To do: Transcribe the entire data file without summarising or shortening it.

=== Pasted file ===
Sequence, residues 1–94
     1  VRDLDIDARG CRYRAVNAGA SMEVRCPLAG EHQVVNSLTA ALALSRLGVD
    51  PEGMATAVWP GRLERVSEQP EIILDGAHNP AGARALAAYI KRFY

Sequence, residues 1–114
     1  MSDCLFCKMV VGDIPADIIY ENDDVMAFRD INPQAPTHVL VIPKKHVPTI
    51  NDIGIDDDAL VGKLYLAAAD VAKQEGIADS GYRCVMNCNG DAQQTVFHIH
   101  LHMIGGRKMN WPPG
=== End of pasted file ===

Sequence, residues 1–94
     1  VRDLDIDARG CRYRAVNAGA SMEVRCPLAG EHQVVNSLTA ALALSRLGVD
    51  PEGMATAVWP GRLERVSEQP EIILDGAHNP AGARALAAYI KRFY

Sequence, residues 1–114
     1  MSDCLFCKMV VGDIPADIIY ENDDVMAFRD INPQAPTHVL VIPKKHVPTI
    51  NDIGIDDDAL VGKLYLAAAD VAKQEGIADS GYRCVMNCNG DAQQTVFHIH
   101  LHMIGGRKMN WPPG